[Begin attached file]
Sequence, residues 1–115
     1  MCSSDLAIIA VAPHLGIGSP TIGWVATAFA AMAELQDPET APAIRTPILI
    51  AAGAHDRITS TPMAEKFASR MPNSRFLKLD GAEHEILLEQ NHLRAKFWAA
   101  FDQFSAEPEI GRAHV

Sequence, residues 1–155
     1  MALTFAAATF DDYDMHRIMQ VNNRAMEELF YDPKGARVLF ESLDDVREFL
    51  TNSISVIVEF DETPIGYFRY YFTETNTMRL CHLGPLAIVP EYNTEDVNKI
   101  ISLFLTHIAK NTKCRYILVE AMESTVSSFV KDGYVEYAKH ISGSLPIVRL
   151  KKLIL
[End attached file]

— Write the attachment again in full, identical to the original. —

Sequence, residues 1–115
     1  MCSSDLAIIA VAPHLGIGSP TIGWVATAFA AMAELQDPET APAIRTPILI
    51  AAGAHDRITS TPMAEKFASR MPNSRFLKLD GAEHEILLEQ NHLRAKFWAA
   101  FDQFSAEPEI GRAHV

Sequence, residues 1–155
     1  MALTFAAATF DDYDMHRIMQ VNNRAMEELF YDPKGARVLF ESLDDVREFL
    51  TNSISVIVEF DETPIGYFRY YFTETNTMRL CHLGPLAIVP EYNTEDVNKI
   101  ISLFLTHIAK NTKCRYILVE AMESTVSSFV KDGYVEYAKH ISGSLPIVRL
   151  KKLIL